I don't think that I would want to deal with a class the size of NYCOM. All the prestige and all the specialties can be obtained anywhere if you work hard. I have friends at DMU and they were very pleased with their education and rotation opportunities. You generally relocate only once unless you choose to get your face seen all over. There are advantages to doing that as well, you have a much better chance of getting a residency somewhere you have rotated. So, unless you want to be stuck in expensive, overpopulated, too large class, with "prestige" NYCOM I'd go with DMU. When I made my decision where to go I thought that if I was paying that much, every professor should know me by name and have plenty of time for me. You will not get that at NYCOM.
     
  7. Hedwig

    Hedwig Senior Member
    7+ Year Member

    Joined:
    Dec 24, 2001
    Messages:
    201
    Likes Received:
    1
    I tend to agree with the above poster, although I've never heard a NYCOM student complain that they don't have adequate access to professors, despite the fact that there are roughly 10-billion students at NYCOM at any given time. But, from what I hear, personal attention is something you have to actively seek.

    However, NYCOM's class of 2006 (and all those thereafter) will be 320 students, the largest in the country (and probably North America). I personally can't imagine what that's going to be like. Remember, NYCOM is housed in three main buildings, and none of them are particularly cavernous. There are going to be some tight quarters with 640 students at a time spread between 3 medium-sized buildings. Worse yet is the fact that it's not only medical students in there; NYIT has PT, OT, PA, nursing, even undergrad anatomy students roaming around that little corner of the campus. Let's hope there's never a fire on campus--yikes!

    So, when it comes down to DMU vs NYCOM, I say: go to PCOM :)
     
  8. docstarwars

    docstarwars Member
    7+ Year Member

    Joined:
    Nov 29, 2001
    Messages:
    68
    Likes Received:
    0
    thanks to all who replied. i am definitely giving this matter some thought! :p
     
  9. J-J

    J-J Junior Member
    7+ Year Member

    Joined:
    Dec 24, 2001
    Messages:
    11
    Likes Received:
    0
    i had the same acceptances too - to DMU and NYCOM. i chose nycom because of its reputation for its toughness in the first 2 years and excellence in rotations. although i am only a second year, i have not been let down. it has been tough, but with our new curriculum, i think learning the material has been a lot easier. at the time i was accepted, dmu had weekly exams, and i thought nycom's block schedule was better for me. also, the amount of hospitals we are affliated with is amazing! you can pick and chose any sort of environment - from rural to the big NYC! which brings up another point - i am a city girl. another reason why i chose nycom was because of its location. personally, there is no comparison between NYC and DM. yes, i know i am all the way out here in long island and not in NYC and i have to deal with the long island accents and big hair, but with so many weekends you have off, it's really easy to hitch a train into the big apple and see a broadway play or visit a museum. so don't just base it on the school itself. think about the environment you'll be living in as well. that also plays into your happiness.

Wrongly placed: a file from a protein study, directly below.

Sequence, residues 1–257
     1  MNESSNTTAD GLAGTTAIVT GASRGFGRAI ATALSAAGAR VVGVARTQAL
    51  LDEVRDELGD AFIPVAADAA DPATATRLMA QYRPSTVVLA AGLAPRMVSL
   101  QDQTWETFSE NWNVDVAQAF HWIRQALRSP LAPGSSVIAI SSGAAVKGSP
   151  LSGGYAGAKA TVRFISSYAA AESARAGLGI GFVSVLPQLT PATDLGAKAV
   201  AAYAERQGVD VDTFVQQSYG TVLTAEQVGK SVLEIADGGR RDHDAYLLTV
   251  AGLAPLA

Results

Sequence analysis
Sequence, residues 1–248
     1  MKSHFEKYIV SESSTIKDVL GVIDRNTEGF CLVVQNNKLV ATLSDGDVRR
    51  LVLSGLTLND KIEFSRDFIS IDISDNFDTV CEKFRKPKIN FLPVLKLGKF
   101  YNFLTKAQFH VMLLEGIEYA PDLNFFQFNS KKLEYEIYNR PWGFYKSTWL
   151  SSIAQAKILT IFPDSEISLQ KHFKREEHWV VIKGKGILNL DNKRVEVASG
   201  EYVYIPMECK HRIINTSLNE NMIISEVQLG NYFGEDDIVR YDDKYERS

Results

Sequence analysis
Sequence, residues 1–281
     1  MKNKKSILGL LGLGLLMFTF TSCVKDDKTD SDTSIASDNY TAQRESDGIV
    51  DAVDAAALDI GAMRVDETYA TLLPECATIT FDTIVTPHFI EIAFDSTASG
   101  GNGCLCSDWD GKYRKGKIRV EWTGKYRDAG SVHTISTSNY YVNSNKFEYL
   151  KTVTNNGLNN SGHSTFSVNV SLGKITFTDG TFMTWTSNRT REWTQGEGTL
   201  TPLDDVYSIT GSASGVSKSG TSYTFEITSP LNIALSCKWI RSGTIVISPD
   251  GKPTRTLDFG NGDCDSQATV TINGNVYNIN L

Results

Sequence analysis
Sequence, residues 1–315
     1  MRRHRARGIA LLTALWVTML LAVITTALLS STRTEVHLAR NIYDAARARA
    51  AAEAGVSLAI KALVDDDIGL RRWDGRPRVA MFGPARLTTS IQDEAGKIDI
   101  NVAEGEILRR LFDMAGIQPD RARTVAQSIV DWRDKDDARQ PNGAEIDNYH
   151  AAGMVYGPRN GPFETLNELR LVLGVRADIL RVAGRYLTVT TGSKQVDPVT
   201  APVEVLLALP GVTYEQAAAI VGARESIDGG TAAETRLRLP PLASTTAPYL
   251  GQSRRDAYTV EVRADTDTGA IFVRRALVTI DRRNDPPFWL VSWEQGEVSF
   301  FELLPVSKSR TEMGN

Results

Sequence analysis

10. Dr Sardonicus

    Dr Sardonicus Junior Member
    7+ Year Member

    Joined:
    Dec 23, 2001
    Messages:
    34
    Likes Received:
    0
    NYCOM is 35 minutes away from New York City, and Long Island is about as urban as a suburb gets. Describing it as being "tucked away" is a little bizzare.
     
  11. J-J

    J-J Junior Member
    7+ Year Member

    Joined:
    Dec 24, 2001
    Messages:
    11
    Likes Received:
    0
    Yes, NYCOM is 35 minutes from manhattan without traffic, but good luck with that especially on the LIE. plus, the train ride in from here is about 1 hr and 15 min, due to the transfers. i'm sorry if i made the impression that long island is so far from everything, but where i live in glen cove, i do feel like that. but there are alot of nice places to live in long island where it really would only take 35 minutes by train to get into the city.
     

Share This Page